Robert De Niro, Edward Norton, Marlon Brando
Directed by Frank Oz
Two Don Corleones team up for a movie, and what is it? A stupid heist flick. Jeez!
Any movie that opens with a jumbo-size Marlon Brando — sausaged into a white suit, yet — mincing into a Montreal jazz club spouting French ("Bonjour") and looking for a thief named Nick, who happens to be played by Robert De Niro, scores points. That's just for bringing together the two legends who played the older and younger versions of Vito Corleone in the Godfather films. Add Edward Norton as the new kid on the crook block and you're set for the kind of movie that makes people say, "I'd pay to see these guys just read from the phone book."
Sadly, any phone book would offer more jolts than this substandard caper flick. Brando plays Max, a fence who wants to interest his safe-cracking pal Nick in a big job. All Nick needs to do is steal a gold scepter from the customs house in Montreal, where Jackie (Norton) is posing as a retarded janitor to infiltrate the security system. Nick doesn't like the idea or brash Jackie. Montreal is his home; you don't steal in your own back yard. Besides, he wants to retire, run his jazz club full time and settle down with his flight-attendant love, Diane (an underused Angela Bassett). But wouldn't you know it, Nick gets pulled back in.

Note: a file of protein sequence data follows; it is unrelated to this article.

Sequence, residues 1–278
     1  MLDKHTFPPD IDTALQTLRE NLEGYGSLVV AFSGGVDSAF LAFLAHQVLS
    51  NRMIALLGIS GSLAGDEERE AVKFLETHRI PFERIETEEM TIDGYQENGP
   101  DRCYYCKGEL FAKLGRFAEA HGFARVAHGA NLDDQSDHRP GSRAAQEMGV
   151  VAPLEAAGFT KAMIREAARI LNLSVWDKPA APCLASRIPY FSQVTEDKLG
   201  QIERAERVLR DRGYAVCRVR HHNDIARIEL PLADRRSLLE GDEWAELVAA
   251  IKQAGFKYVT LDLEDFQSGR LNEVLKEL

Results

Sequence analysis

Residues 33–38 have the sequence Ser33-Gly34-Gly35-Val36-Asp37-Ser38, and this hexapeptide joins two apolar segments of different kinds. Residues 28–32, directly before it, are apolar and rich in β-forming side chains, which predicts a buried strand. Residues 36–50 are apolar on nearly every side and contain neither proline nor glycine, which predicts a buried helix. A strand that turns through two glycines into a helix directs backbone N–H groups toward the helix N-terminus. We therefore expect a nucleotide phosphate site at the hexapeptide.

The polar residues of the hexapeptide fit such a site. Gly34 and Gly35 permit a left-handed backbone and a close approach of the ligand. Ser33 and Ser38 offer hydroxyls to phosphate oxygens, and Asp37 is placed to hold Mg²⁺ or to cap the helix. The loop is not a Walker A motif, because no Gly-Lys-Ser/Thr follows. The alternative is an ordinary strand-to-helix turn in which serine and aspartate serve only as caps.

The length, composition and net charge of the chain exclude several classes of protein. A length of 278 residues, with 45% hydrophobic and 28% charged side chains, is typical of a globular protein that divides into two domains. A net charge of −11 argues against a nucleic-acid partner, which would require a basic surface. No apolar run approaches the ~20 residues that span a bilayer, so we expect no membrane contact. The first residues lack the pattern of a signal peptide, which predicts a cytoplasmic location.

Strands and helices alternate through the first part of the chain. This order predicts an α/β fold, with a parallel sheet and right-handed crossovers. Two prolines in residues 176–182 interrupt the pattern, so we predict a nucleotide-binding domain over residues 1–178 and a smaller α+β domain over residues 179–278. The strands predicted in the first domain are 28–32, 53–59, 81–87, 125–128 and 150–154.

Director Frank Oz, best known for comedies such as In and Out and Bowfinger, is less adept at building tension. There's more suspense in watching Brando, who has trouble with physical exertion, get on and off a bar stool than the robbery itself. Still, Brando — his eyes alive with mischief — is the life of the movie. De Niro, looking glum, doesn't rise to the challenge, leaving Norton to overcompensate with his jittery Rain Man act. There's nothing you can't see coming in this flick, including the surprise ending. Quick, somebody get a phone book.
star ratingCBS Films
star ratingRelativity Media
star ratingOpen Road Films
star ratingWalt Disney Studios Motion Pictures
star ratingThe Weinstein Company